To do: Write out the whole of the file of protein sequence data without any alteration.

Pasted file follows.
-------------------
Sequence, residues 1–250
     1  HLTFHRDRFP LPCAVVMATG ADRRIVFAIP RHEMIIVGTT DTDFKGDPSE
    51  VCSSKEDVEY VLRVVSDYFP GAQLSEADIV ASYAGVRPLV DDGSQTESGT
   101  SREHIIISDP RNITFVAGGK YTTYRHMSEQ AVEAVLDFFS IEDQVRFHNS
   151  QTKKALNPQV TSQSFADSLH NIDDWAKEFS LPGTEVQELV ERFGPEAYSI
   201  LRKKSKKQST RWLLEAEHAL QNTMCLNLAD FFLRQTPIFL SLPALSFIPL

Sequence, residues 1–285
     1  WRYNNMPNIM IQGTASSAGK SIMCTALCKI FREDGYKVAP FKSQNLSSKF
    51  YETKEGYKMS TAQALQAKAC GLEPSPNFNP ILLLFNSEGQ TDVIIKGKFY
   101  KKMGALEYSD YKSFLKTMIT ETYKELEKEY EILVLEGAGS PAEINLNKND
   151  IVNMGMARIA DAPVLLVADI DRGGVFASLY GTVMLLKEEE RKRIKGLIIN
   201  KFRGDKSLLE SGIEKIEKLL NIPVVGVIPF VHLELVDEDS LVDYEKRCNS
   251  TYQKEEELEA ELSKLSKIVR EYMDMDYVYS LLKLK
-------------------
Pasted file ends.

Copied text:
Sequence, residues 1–250
     1  HLTFHRDRFP LPCAVVMATG ADRRIVFAIP RHEMIIVGTT DTDFKGDPSE
    51  VCSSKEDVEY VLRVVSDYFP GAQLSEADIV ASYAGVRPLV DDGSQTESGT
   101  SREHIIISDP RNITFVAGGK YTTYRHMSEQ AVEAVLDFFS IEDQVRFHNS
   151  QTKKALNPQV TSQSFADSLH NIDDWAKEFS LPGTEVQELV ERFGPEAYSI
   201  LRKKSKKQST RWLLEAEHAL QNTMCLNLAD FFLRQTPIFL SLPALSFIPL

Sequence, residues 1–285
     1  WRYNNMPNIM IQGTASSAGK SIMCTALCKI FREDGYKVAP FKSQNLSSKF
    51  YETKEGYKMS TAQALQAKAC GLEPSPNFNP ILLLFNSEGQ TDVIIKGKFY
   101  KKMGALEYSD YKSFLKTMIT ETYKELEKEY EILVLEGAGS PAEINLNKND
   151  IVNMGMARIA DAPVLLVADI DRGGVFASLY GTVMLLKEEE RKRIKGLIIN
   201  KFRGDKSLLE SGIEKIEKLL NIPVVGVIPF VHLELVDEDS LVDYEKRCNS
   251  TYQKEEELEA ELSKLSKIVR EYMDMDYVYS LLKLK